In the autumn of 1945 he was enrolled in third grade of Smestad skole as the first royal to attend a public school. In 1955 he graduated from Oslo katedralskole and in the autumn of that year, Harald began studies at the University of Oslo. Later he attended the Cavalry Officers' Candidate School at Trandum, followed by enrollment at the Norwegian Military Academy, from which he graduated in 1959.

In 1960, Harald entered Balliol College, Oxford where he studied history, economics and politics.[7] He was a keen rower during his student days at Oxford. In 1960 he also made his first official journey abroad, visiting the United States in connection with the fiftieth anniversary of the American Scandinavian Foundation.

Adult life

Norway

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The Crown Prince of Norway served as deputy of the King from the day he was 18 years of age. Crown Prince Harald attended Council of State for the first time on 27 September 1957 and took the oath to the Constitution of Norway on 21 February 1958. In the same year, he also served as regent in the King's absence for the first time.

Harald married a commoner, Sonja Haraldsen, at Oslo Domkirke in Oslo on 29 August 1968, a marriage that sparked much public controversy. The couple have two children, Princess Märtha Louise and His Royal Highness Crown Prince Haakon, heir to the Norwegian throne.

The King heads the government meetings at Oslo Palace every Friday (Council of State). He also has weekly meetings with the Prime Minister and the Foreign Minister. He receives foreign envoys, and opens parliament every September. According to the Norwegian constitution, he appoints his government. Since 1884 parliamentarism has been in place in Norway, so the government has to have support from Parliament. The King appoints the leader of the parliamentary block with majority as prime minister. When the parliamentary situation is unclear the king relies on the advice of the president of Parliament and the sitting prime minister. He travels extensively throughout Norway and makes official state visits to other countries.

An avid sailor,[8] Harald represented Norway in the yachting events of Olympic Games in Tokyo in 1964[9] and in Mexico City in 1968[7] and the Munich 1972. The Crown Prince carried the Norwegian flag at the opening parade of the 1964 Summer Olympics. In 1994, both the King and Crown Prince Haakon played roles during the opening ceremony of the Lillehammer Olympics. The King declared opened the games, while the Crown Prince lit the cauldron, paying tribute to both the King and his grandfather as Olympians. The King has also represented Norway at opening ceremonies of Olympic Games, among them Torino and Beijing. However, he wasn't present in Vancouver, the Crown Prince attended instead.

With his sailing crew he won World Championship bronze, silver and gold medals, in 1988, 1982, and 1987, respectively. In July 2005, the King and his crew aboard the royal sailboat Fram XV won the gold medal at the European Championships in Sweden. In the 2007 World Championship the King obtained a sixth place.[10]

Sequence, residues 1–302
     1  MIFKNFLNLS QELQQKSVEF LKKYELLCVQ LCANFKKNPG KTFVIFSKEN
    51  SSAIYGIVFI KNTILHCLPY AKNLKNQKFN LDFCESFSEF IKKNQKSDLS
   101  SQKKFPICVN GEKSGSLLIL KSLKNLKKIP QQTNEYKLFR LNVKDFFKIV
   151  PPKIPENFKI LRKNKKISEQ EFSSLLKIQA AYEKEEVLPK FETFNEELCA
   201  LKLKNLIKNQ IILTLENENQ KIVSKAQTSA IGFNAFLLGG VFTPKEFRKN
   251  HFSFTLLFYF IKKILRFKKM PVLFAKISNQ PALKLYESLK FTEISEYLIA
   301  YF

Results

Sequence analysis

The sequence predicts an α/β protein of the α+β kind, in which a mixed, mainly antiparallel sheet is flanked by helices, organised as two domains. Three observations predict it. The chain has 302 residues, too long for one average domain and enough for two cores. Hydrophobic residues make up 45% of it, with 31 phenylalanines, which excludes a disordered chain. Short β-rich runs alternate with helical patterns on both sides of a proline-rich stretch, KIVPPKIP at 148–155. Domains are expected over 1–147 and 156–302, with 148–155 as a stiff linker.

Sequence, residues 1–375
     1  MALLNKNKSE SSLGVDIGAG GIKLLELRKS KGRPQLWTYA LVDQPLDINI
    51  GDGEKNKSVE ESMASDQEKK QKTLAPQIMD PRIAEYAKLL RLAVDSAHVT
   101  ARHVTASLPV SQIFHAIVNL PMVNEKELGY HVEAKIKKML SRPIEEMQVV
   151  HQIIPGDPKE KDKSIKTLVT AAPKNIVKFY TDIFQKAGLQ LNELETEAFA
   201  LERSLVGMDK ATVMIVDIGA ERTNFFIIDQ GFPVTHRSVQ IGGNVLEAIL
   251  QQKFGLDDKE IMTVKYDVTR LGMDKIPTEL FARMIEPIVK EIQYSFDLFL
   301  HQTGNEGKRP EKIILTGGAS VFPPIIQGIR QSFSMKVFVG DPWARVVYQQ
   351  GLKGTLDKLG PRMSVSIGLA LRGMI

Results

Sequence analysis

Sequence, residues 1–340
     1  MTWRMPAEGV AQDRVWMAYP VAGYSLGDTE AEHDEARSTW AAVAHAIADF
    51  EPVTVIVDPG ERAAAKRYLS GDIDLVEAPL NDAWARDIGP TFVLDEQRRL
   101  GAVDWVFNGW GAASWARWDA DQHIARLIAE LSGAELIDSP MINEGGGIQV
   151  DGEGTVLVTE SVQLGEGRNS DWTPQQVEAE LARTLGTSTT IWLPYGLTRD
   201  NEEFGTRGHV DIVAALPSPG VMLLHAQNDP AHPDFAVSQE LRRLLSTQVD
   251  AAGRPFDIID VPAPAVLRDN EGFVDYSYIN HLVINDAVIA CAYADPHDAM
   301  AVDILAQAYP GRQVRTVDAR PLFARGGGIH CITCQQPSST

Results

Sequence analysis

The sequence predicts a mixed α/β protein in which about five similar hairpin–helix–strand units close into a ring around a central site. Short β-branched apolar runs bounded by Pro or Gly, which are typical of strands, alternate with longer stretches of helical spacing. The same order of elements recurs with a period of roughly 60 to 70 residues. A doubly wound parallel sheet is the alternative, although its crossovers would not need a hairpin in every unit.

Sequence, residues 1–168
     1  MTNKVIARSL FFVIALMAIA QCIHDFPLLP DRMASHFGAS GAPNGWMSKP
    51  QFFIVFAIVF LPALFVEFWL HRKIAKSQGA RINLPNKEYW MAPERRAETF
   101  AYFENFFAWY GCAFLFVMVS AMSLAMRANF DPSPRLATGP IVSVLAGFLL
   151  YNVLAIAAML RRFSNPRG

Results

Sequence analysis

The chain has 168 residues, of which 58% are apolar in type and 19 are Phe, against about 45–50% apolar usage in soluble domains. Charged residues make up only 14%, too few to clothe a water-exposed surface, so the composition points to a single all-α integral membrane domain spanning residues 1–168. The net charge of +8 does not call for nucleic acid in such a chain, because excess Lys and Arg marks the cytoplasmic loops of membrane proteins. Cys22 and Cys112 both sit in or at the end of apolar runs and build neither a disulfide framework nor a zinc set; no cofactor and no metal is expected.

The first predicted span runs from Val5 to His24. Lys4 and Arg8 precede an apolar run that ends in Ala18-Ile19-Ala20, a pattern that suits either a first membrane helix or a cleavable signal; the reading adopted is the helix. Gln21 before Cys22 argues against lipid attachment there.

Twice during recent years, King Harald has been unable to perform his monarchial duties, owing to hospitalization and convalescence: in December 2003 to mid-April 2004 due to urinary bladder cancer, and in April to early June 2005 due to aortic stenosis (for details see "The King's health", below). Crown Prince Haakon served as the country's regent on both occasions.

Positions as King of Norway and honorary titles

As King of Norway

Royal Monogram

The King is the nominal head of the Church of Norway.

He is a Four-star General, an Admiral and formally the Supreme Commander of the Norwegian Armed Forces. The infantry battalion His Majesty the King's Guard are considered the King's and the Royal Family's bodyguards, they guard the Royal residences, including the Royal Palace and the Crown Prince Residence at Skaugum, as well as the Royal Mausoleum at Akershus Castle.

Honorary titles

In the British Army, the King was the final Colonel-in-Chief of the Green Howards. It remains to be seen whether there will continue to be an active association between the 2nd Battalion, Yorkshire Regiment (Green Howards) and the Norwegian Royal Family. He is also an honorary Colonel in the British Royal Marines.

The King is a Knight of the Garter, and is The Grand Master of the Order of St. Olav. He is also a Knight Grand Cross of the Royal Victorian Order, and a recipient of the Royal Victorian Chain as well as numerous other orders of chivalry.

The King is patron of the Anglo-Norse Society in London, together with Queen Elizabeth II, his second cousin. He is also patron of the Norwegian-American Foundation (Norge-Amerika Foreningen) and the Norse Federation (Nordmanns-Forbundet) in the United States.

He received the honorary degree Doctor of Civil Law from Oxford University in 2006 (as did his father, King Olav, in 1937, and his grandfather, King Haakon, in 1943).[11] The King has earlier been appointed an honorary doctor of law by the University of Strathclyde (1985) in Scotland and by Waseda University (2001) in Japan (2001). He is also an honorary fellow at Balliol College, Oxford.